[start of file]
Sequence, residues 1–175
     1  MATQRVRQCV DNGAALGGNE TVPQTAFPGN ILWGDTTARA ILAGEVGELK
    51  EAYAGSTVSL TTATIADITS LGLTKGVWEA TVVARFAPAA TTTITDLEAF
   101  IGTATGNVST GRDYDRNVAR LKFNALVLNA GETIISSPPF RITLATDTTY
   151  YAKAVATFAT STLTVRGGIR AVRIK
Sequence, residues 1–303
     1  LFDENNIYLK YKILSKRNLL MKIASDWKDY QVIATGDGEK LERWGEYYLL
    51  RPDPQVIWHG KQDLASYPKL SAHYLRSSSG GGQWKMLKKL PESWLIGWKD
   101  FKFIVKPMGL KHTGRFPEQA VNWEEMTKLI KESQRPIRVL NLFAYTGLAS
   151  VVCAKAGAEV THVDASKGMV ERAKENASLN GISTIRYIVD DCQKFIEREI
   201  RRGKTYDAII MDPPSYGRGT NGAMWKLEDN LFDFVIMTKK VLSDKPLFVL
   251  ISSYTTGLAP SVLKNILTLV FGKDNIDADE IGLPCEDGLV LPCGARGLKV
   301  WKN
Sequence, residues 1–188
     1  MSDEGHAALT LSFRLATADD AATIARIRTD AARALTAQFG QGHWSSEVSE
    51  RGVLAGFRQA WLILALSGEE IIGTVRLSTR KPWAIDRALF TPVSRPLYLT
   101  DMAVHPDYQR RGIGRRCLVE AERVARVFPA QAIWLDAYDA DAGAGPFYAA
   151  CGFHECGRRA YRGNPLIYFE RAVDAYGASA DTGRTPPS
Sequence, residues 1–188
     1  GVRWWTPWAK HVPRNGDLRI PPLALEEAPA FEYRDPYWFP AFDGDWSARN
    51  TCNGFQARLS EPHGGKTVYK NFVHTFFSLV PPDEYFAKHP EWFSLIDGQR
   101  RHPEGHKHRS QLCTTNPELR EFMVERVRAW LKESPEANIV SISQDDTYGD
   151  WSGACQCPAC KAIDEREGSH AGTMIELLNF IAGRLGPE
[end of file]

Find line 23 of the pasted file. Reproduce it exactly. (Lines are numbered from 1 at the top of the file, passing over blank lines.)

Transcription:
   151  WSGACQCPAC KAIDEREGSH AGTMIELLNF IAGRLGPE